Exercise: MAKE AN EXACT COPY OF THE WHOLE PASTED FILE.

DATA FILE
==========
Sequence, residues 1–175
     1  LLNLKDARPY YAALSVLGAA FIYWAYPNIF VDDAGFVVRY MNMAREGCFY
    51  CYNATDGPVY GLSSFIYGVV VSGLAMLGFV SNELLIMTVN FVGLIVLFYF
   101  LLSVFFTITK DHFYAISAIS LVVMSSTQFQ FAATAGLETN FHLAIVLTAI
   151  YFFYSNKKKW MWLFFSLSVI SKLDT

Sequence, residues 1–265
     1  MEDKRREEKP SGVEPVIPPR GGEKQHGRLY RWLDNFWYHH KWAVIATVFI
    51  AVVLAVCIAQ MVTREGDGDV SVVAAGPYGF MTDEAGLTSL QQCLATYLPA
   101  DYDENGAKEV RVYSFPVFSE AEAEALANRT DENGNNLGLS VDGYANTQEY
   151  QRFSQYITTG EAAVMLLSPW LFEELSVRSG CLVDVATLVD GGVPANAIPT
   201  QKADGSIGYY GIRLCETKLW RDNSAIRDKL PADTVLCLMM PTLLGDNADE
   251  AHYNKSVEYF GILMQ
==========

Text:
Sequence, residues 1–175
     1  LLNLKDARPY YAALSVLGAA FIYWAYPNIF VDDAGFVVRY MNMAREGCFY
    51  CYNATDGPVY GLSSFIYGVV VSGLAMLGFV SNELLIMTVN FVGLIVLFYF
   101  LLSVFFTITK DHFYAISAIS LVVMSSTQFQ FAATAGLETN FHLAIVLTAI
   151  YFFYSNKKKW MWLFFSLSVI SKLDT

Sequence, residues 1–265
     1  MEDKRREEKP SGVEPVIPPR GGEKQHGRLY RWLDNFWYHH KWAVIATVFI
    51  AVVLAVCIAQ MVTREGDGDV SVVAAGPYGF MTDEAGLTSL QQCLATYLPA
   101  DYDENGAKEV RVYSFPVFSE AEAEALANRT DENGNNLGLS VDGYANTQEY
   151  QRFSQYITTG EAAVMLLSPW LFEELSVRSG CLVDVATLVD GGVPANAIPT
   201  QKADGSIGYY GIRLCETKLW RDNSAIRDKL PADTVLCLMM PTLLGDNADE
   251  AHYNKSVEYF GILMQ